Kubernetes is a container orchestrator that aims to decouple the underlying compute resources from logical application deployments. It's open source software, written in Go (Private). It was originally developed by Google, and it's governed by the Cloud Native Computing Foundation.

It's built on the lessons learned from the Borg and p.r.comp.google.omega (Private) platforms Google uses to maintain its production workloads, but isn't a direct descendent.

The name Kubernetes, often abbreviated to K8s, comes from the Greek word for "Helmsman", κυβερνήτης (kyvernítis), though its name was originally Seven of Nine in reference to a rescued Borg drone. The seven spokes in the logo are a reference to the former name.


  • Enhanced developer experience:
    • Accelerate developer on-boarding through common infrastructure.
    • More accurate, and easier, emulation of production.
  • More reliable operations:
    • Codified deployments are easy to move between environments.
    • Managed deployment model with automated rollout and versioning.
    • Deployments can be made self-healing.
    • Easier scaling, as the underlying compute is decoupled from the logical view of a deployment.


flowchart LR Client[kubectl] CloudPlatform["Cloud platform (AWS, Azure, GCP, etc.)"] subgraph ControlPlaneNodes[Control plane nodes] ApiServer[kube-apiserver] ControllerManager[kube-controller-manager] Scheduler[kube-scheduler] ControlPlaneNodeKubelet[kubelet] ControlPlaneNodeProxy[kube-proxy] Etcd[etcd] CloudControllerManager[cloud-controller-manager] ApiServer <--> ControllerManager ApiServer <--> Scheduler ApiServer <--> ControlPlaneNodeKubelet ApiServer <--> Etcd ApiServer <--> CloudControllerManager ControlPlaneNodeKubelet --> ControlPlaneNodeProxy end subgraph WorkerNodes[Worker nodes] WorkerNodeKubelet[kubelet] ContainerEngine["Container engine (CRI-O, containerd, Docker)"] WorkerNodeProxy["kube-proxy"] Iptables["iptables/eBPF"] WorkerNodeKubelet <--> ApiServer WorkerNodeKubelet <--> ContainerEngine WorkerNodeProxy <--> ApiServer WorkerNodeProxy --> Iptables end CloudControllerManager <--> CloudPlatform Client -- "REST API call" --> ApiServer

Kubernetes clusters are made up of a series of nodes which are maintained by the control plane. Clusters are made up of two types of nodes, each specialised for a role:

  • Master nodes, head nodes, or control plane nodes run the control plane and are responsible for managing the state of the cluster.
    • The API Server exposes a REST API for interacting with the cluster control plane, both for kubelets and external clients. This is the sole component which directly communicates with etcd.
    • The Controller Manager performs control loops, communicating with the API Server, determining changes that need to be made to make the cluster's actual state reach the goal state.
    • The Scheduler is forwarded the Pod spec and uses it to bind Pods to Nodes.
  • Worker nodes, often referred to as workers or just nodes and previously known as minions, execute containers.
    • The kubelet is the agent responsible for reporting node state and requesting work from the control plane.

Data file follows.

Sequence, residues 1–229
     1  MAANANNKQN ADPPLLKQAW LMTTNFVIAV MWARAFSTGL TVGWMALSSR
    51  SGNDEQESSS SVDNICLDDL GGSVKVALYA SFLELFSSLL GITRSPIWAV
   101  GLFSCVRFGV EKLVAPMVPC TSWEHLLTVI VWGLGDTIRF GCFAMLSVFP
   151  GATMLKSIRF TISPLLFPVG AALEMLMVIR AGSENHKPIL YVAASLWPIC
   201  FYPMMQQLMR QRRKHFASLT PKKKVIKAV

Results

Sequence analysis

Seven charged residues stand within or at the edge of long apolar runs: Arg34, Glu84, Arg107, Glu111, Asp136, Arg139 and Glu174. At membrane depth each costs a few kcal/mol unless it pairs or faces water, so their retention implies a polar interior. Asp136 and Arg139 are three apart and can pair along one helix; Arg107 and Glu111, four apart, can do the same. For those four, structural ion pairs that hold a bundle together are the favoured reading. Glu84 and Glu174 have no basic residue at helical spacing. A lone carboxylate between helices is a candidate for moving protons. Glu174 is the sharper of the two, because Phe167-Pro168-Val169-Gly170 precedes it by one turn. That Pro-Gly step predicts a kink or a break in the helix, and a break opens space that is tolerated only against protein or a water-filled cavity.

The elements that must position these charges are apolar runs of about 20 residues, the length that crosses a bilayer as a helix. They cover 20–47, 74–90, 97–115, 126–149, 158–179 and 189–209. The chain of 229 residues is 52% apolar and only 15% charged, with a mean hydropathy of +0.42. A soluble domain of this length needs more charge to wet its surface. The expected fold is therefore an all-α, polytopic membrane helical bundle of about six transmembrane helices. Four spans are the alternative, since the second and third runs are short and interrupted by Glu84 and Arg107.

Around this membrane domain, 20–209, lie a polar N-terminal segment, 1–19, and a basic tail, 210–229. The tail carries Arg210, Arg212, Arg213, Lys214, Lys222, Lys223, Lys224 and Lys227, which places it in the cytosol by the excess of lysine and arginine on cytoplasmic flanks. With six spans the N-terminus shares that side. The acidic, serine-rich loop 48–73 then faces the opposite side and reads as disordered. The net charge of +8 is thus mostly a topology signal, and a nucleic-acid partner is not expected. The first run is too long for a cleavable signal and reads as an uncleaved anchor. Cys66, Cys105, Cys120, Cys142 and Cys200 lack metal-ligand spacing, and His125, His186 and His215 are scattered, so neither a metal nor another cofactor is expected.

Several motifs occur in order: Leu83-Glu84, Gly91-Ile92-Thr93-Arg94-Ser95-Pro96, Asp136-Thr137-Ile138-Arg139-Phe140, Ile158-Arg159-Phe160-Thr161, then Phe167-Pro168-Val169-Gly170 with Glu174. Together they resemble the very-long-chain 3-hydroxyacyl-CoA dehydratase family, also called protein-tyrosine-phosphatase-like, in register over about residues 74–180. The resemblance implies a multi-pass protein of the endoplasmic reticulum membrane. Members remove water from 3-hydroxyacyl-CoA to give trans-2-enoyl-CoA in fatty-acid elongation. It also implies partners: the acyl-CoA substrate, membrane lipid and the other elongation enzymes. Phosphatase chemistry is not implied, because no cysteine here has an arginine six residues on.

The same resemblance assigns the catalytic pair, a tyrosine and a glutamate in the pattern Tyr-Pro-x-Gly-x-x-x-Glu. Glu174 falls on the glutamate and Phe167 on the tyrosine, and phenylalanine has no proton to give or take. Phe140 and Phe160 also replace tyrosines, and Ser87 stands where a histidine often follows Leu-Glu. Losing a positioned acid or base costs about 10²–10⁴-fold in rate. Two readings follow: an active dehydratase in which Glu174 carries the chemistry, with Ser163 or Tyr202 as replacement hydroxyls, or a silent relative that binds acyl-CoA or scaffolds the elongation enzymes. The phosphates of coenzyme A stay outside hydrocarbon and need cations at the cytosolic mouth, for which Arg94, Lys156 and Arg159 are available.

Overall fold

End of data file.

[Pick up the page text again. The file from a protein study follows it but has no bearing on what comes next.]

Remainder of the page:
• Container runtimes execute the containers.

All Nodes, regardless of role, are responsible for their own networking.

  • kube-proxy configures the node's host firewall (a backend) to enable traffic to be routed to services in line with Services' endpoints.

Release cycle

  • New major release every four months.
  • New minor releases approximately every ten days.


Configuration is stored in etcd.


See controllers.


Kubernetes stores its view of the desired state as a series of related objects. Objects can reference other objects via selectors targeting their labels. The creation of an object can trigger Controllers which will create additional objects, forming a common use case for CRDs.

Objects are identified through several means:

  • A unique name assigned at creation time.
  • A unique server-generated object ID.
  • A parent namespace is used to create security, naming/organisational and resource allocation boundaries. Not all objects are namespaced!
  • Labels contain data used to locate objectsL e.g. for administration of the cluster, matching pods to controllers and matching pods to appropriate nodes when scheduling.
  • Annotations are used by people and tooling to make decisions about objects. It's commonly used to embed information from external sources (e.g. source code management or build tools containing versioning information) to make the cluster self-contained and avoid integrations. Unlike labels, it's not possible to search for objects by annotations.

Objects can be defined either statefully using manifests or imperatively via the CLI.

Some common objects are defined in:


See namespaces.


See networking.

Cluster setup

Different deployment tools are used to deploy Kubernetes to different environments:

  • `kubeadm` is best suited to deploying on bare metal, and is general enough to be usable in most settings.
  • kops currently only supports AWS.
  • AKS Engine can be used to deploy to Azure.
  • Minikube configures a single-node deployment for use in development environments.
  • Docker Desktop embeds a single-node Kubernetes cluster for use in development environments.
  • kind sets up a Kubernetes cluster using Docker containers to host Nodes, and is geared towards testing Kubernetes itself.


`kubectl` is the administrative client for Kubernetes.

  1. API Server
  2. Annotations
  3. Authentication
  4. Cluster API
  5. Configuration
  6. Container Runtime Interface
  7. Control plane
  8. Controllers
  9. Dashboard
  10. Federation
  11. Ingress
  12. Kubeconfig
  13. Labels
  14. Manifests
  15. Namespaces
  16. Networking
  17. Resources
  18. Scheduler
  19. Secrets Store CSI Driver
  20. Selectors
  21. Utilities
  22. kube-proxy
  23. kube-vip
  24. kubelet